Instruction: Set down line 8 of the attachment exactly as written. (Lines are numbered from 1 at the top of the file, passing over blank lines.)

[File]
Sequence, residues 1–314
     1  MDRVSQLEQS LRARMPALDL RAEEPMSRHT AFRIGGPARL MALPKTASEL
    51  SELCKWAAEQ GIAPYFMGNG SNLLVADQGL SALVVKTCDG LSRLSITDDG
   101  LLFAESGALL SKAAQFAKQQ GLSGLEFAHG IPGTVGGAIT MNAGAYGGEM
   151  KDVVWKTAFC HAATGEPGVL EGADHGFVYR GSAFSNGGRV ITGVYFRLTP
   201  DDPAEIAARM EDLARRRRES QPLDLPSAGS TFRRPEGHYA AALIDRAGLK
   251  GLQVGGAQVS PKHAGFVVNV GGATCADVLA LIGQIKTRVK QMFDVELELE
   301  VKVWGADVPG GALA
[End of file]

   301  VKVWGADVPG GALA